phylo_roadking wrote:The 109 was a short-range fighter designed to take on an enemy's fighters over the Blitzkrieg battlefield, and either clear them down to allow the LW's tactical bombers through, or provide escort.
This is a bit what 20/20 hindsight tells us, but originally the 109 was desigined for the same short range interceptor, DEFENSIVE duties the Spitfire or the Hurricane, the primarly concern being the fast, monoplane bomber, back in the 1930 seen as a threat that will 'always get through', and even outrun biplane fighters trying to catch it.
Operating from the 'Blitzkrieg' forward airfield was something that it did a lot later, though never particularly meant for in the original requirements from 1935, though it`s easy servicability and facilitated modular layout - that was to provide it a chance of a second chase of enemy bombers after refuel/rearm, or even re-engined in just 15 mins - helped a lot in those crude conditions in the forward airfields of Africa and Russia.
phylo_roadking wrote:I'm not talking about taxiiing into the wind being a problem - of course runways are oriented into the prevailing wind - I'm talking about the visibility problem endemic of an aircraft with a long inline engine. A Hurricane or Spitfire pilot had to weave from side to side while taxiing to get a view of straight-ahead...or at a pinch could lean their head put of the cockpit to one side or the other...but a 109 pilot couldn't!!! (As Rall confirmed in that interview) Not out of a SIDE-hinged cockpit!
That`s why the side-hinged canopy had sliding panels on the side and top of the canopy that could be opened just for that.
In any case, as you noted the forward view from taildraggers was appealing and next to nothing during taxying - that`s why they kept weawing to see at least something about things in front.
BTW, a while ago I`ve made a dimension comparison of the Malcolm Hood and the early Bf 109 canopy (later one would have the same dimensions though, just less struts), since it was already bought up, I think I`ll share it. It is based on accurate wartime German and Russian drawings, it is scaled and measurements can be read on it, too.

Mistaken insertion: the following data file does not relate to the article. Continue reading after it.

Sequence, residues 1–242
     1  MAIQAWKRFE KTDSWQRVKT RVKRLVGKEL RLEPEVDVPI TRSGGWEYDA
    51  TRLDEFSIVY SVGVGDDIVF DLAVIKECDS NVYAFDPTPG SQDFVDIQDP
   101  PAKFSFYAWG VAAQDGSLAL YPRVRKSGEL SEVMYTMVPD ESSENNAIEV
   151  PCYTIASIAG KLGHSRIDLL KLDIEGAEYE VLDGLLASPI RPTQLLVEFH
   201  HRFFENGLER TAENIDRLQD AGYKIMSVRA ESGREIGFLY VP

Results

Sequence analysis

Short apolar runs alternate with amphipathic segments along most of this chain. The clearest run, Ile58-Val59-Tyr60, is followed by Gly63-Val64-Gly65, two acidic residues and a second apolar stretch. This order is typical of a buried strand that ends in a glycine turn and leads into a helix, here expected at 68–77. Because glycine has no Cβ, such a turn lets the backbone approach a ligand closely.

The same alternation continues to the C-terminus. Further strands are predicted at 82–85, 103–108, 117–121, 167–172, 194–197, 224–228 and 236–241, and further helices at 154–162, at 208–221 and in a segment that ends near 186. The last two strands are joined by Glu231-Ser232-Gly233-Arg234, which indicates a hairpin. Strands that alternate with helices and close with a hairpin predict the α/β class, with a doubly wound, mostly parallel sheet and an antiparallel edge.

You can also get a fair idea of the size of the early Spitfire canopy before the Malcolm was introduced, iirc, early 1942...? It`s the same actually, just the inner lines without the added 'bubble'. No wonder they introduced the Malcolm, it was pretty tight originally.
Also, the longer undercarriage struts mounted further forward twoeards the edge of the wing meant the 109 ALSO ran HIGHER in the nose than the longer, straight-cowled Spitfire, greatly adding to the problem.
I doubt the undercarriage lenght would be any different, since it was dicated by the propeller disc diamater, rather the same on both planes; roughly the same position, too.
BTW, it`s the other way around, the more forward the u/c is, the lower the nose will be.
The chief design difference was that the Spitfire mounted the fuel tank between the cocpit and engine, and the Merlin also had the supercharger behind to engine, so it made the cowling quite a bit longer than on the 109; the DB engine was also an inverted Vee-12, which meant the cowling could narrower on the top and somewhat less obstructing than with a upright-Vee12 such as the Merlin (R-R was also toying with that idea, but dropped it, probably because they would run into technical problems without direct fuel injection).
In any case, it`s a tiny little detail, the bottomline is, there are only two kinds of forward view offered by taildraggers during taxy : bad and even worse.